Riyoko Ikeda est aussi une femme aux talents multiples car, après avoir produit près d’une quarantaine de superbe manga, elle fait le choix difficile en 1995 de changer de carrière et entre à l’Université Musicale de Tokyo pour apprendre le chant! Après une brève carrière de chanteuse classique professionnelle, elle se rend compte qu’il est plutôt difficile de vivre du chant et revient tranquillement au dessin. [voir une entrevue et un extrait de concert sur Youtube]

Sous la pression de ses fans, Ikeda avait déjà écrit plusieurs compléments à ce qui est sans doute son ouvrage le plus populaire. En 1984, elle avait publié Berusaiyu no Bara Gaiden (ベルサイユのばら外伝 / La Rose de Versailles Side-Stories) qui compilait quatre récits secondaires reprenant les même personnages et introduisant comme nouvelle protagoniste une petite fille nommée Loulou: “Loulou et la poupée qui l’accompagne”, “Le fils du général de Jarjayes ?!”, “Le pirate turc et la religieuse” et “L’élixir du diable”. Ce volume a été publié en français sous le titre La Rose de Versailles Vol. 3: Hors-Série par Kana [Amazon, Goodreads, Nelligan].

D’une certaine façon, Eroica, en 1986, avait aussi été conçu comme une suite à La Rose de Versailles en continuant le récit de la révolution française avec l’avénement et les exploits de Napoléon Bonaparte. Il est vraiment dommage que cette (longue) série n’ait jamais été traduite. De même, si l’on pousse une peu plus loin, on peut aussi considérer comme une suite la série des BeruBara Kids (ベルばら Kids / “BeruBara” étant la contraction typiquement japonaise pour “Berusaiyu no Bara”; 2006, 7 vols) une auto-parodie en 4-komas (histoires humoristiques en quatre cases) qui met en action les personnages de La Rose de Versailles en format SD (Super-Deformé) ou chibi (enfantin). Incroyablement, un premier volume de cette série est maintenant disponible en français chez Tonkam sous le titre La Rose de Versailles Kids. On aura vraiment tout vu !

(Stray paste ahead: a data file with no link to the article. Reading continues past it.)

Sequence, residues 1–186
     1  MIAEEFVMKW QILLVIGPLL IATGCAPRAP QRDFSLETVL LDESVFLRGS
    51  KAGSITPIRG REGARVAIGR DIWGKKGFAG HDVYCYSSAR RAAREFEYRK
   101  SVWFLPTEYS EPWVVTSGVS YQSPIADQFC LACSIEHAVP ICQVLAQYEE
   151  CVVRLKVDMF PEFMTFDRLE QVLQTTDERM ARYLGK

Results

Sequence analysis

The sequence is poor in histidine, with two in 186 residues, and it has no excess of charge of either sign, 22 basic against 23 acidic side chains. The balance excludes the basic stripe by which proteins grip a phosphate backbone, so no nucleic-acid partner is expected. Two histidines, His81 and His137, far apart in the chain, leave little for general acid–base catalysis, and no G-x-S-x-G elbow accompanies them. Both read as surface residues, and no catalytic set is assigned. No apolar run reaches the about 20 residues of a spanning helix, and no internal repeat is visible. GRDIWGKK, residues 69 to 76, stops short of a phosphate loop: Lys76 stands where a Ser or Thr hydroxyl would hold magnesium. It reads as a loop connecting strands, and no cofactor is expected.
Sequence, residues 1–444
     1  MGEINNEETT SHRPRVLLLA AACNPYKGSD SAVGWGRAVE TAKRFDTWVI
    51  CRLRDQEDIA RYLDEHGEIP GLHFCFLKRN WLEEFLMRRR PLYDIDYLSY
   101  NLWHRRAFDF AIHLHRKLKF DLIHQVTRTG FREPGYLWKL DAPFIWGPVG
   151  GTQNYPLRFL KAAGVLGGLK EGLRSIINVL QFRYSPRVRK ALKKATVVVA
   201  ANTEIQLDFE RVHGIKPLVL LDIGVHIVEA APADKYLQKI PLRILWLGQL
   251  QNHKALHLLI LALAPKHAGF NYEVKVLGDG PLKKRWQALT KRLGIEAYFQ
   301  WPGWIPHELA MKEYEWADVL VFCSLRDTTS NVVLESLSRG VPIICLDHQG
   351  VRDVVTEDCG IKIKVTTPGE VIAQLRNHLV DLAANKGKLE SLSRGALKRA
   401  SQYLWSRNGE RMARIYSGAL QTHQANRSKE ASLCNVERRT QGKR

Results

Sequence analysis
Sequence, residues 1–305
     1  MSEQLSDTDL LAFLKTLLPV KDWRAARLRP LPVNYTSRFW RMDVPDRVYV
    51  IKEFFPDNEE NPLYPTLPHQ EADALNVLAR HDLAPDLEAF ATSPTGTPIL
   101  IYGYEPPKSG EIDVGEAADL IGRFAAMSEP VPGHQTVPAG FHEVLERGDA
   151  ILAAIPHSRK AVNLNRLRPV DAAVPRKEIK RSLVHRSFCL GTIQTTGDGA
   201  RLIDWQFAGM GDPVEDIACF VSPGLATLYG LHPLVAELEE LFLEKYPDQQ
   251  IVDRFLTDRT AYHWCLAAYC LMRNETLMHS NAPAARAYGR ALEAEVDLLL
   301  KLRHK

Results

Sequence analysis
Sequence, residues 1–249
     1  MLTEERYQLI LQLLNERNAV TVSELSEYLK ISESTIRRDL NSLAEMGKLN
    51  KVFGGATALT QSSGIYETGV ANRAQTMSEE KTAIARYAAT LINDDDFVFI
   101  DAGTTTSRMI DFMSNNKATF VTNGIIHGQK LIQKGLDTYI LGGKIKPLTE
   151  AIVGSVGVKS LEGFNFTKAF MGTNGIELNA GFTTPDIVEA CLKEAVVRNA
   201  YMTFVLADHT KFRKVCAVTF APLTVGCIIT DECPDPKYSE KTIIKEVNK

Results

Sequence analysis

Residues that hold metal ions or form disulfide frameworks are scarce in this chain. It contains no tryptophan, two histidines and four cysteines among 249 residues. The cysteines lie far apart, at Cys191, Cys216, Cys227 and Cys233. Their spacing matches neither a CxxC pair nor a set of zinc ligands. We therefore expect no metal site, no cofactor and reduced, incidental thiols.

Toutefois, et là on entre finalement dans le sujet dont je voulais vous entretenir, la véritable suite de La Rose de Versailles ce sont les Berusaiyu no bara episodes (ベルサイユのばら エピソド / La Rose de Versailles – Episodes). En effet, ce n’est que quarante ans plus tard que Riyoko Ikeda nous revient avec une véritable suite! Le tout premier de ces nouveaux épisodes est paru dans un livre “spécial anniversaire” joint comme extra au numéro célébrant le cinquantenaire de Margaret, le magazine hebdomadaire shojo de Shueisha (le #10, paru le 5 mai 2013). Il s’agit d’une histoire courte de seize pages qui se concentre sur André quand il était un jeune garçon et avant qu’il ne rencontre Oscar.

Couverture du Margaret 2013 #10 et extrait des pages 1-10 de l’épisode #1:

Un deuxième épisode parait dans le Margaret 2013 #22 (du 5 novembre 2013):

Puis un troisième épisode parait dans le numéro double de Margaret 2014 #3-4 (30 Jan & 5 Fév):

Et un quatrième épisode parait dans Margaret 2014 #12 (20 mai 2014):

Cet épisode est dédié au subordonné d’Oscar, Alain de Soissons
L’épisode 5, qui suit le Major Victor Clement de Girodelle, est paru en deux parties: une première partie de trente-sept page dans le Margaret #22 (publié le 20 octobre 2014) et une seconde partie de trente-trois pages dans le Margaret #23 (publié le 5 novembre 2014), chacune comportant cinq pages en couleurs. L’épisode 6 a lui aussi été publié en deux partie: l’une dans le Margaret #8 (publié le 20 mars 2015) et l’autre dans le Margaret #9 (publié le 4 avril 2015) totalisant une centaine de pages. Cet épisode nous révèle le secret de la naissance d’Oscar!

Margaret 2014 #22 (20 oct) et Margaret 2015 #8 (20 mars)